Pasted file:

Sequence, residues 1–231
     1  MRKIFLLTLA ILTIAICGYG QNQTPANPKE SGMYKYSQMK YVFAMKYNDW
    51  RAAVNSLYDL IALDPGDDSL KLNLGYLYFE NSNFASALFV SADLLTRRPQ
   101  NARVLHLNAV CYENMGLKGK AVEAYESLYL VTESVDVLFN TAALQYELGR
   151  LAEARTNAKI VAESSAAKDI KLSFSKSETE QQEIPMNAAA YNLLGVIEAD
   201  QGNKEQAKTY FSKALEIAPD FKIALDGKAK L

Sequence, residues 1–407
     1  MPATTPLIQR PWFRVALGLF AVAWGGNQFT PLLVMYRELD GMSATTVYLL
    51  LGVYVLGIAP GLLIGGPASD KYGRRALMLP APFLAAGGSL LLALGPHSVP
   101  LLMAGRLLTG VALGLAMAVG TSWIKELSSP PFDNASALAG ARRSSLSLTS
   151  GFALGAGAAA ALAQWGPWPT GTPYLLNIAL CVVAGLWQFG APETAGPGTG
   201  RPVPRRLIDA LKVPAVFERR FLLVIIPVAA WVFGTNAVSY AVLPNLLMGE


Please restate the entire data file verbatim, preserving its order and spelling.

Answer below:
Sequence, residues 1–231
     1  MRKIFLLTLA ILTIAICGYG QNQTPANPKE SGMYKYSQMK YVFAMKYNDW
    51  RAAVNSLYDL IALDPGDDSL KLNLGYLYFE NSNFASALFV SADLLTRRPQ
   101  NARVLHLNAV CYENMGLKGK AVEAYESLYL VTESVDVLFN TAALQYELGR
   151  LAEARTNAKI VAESSAAKDI KLSFSKSETE QQEIPMNAAA YNLLGVIEAD
   201  QGNKEQAKTY FSKALEIAPD FKIALDGKAK L

Sequence, residues 1–407
     1  MPATTPLIQR PWFRVALGLF AVAWGGNQFT PLLVMYRELD GMSATTVYLL
    51  LGVYVLGIAP GLLIGGPASD KYGRRALMLP APFLAAGGSL LLALGPHSVP
   101  LLMAGRLLTG VALGLAMAVG TSWIKELSSP PFDNASALAG ARRSSLSLTS
   151  GFALGAGAAA ALAQWGPWPT GTPYLLNIAL CVVAGLWQFG APETAGPGTG
   201  RPVPRRLIDA LKVPAVFERR FLLVIIPVAA WVFGTNAVSY AVLPNLLMGE